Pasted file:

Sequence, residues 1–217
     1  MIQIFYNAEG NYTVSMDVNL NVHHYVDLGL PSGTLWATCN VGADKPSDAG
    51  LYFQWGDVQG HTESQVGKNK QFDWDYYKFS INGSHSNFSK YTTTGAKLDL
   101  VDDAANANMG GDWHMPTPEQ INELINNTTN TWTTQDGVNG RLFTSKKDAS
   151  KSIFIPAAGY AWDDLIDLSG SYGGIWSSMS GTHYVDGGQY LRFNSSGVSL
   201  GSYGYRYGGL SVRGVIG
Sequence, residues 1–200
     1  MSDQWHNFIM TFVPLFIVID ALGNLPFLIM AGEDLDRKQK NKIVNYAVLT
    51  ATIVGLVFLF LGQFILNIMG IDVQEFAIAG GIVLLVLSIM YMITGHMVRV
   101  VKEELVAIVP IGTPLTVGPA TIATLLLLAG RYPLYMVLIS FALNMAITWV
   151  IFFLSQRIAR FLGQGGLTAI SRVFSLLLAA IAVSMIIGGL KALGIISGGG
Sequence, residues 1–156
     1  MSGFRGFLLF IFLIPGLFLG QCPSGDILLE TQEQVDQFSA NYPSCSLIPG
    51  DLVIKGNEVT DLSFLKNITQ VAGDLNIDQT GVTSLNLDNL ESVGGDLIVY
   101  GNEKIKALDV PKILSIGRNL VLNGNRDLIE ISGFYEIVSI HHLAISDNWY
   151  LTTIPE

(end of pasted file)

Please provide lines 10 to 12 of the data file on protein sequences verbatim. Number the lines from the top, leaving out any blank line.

   101  VKEELVAIVP IGTPLTVGPA TIATLLLLAG RYPLYMVLIS FALNMAITWV
   151  IFFLSQRIAR FLGQGGLTAI SRVFSLLLAA IAVSMIIGGL KALGIISGGG
Sequence, residues 1–156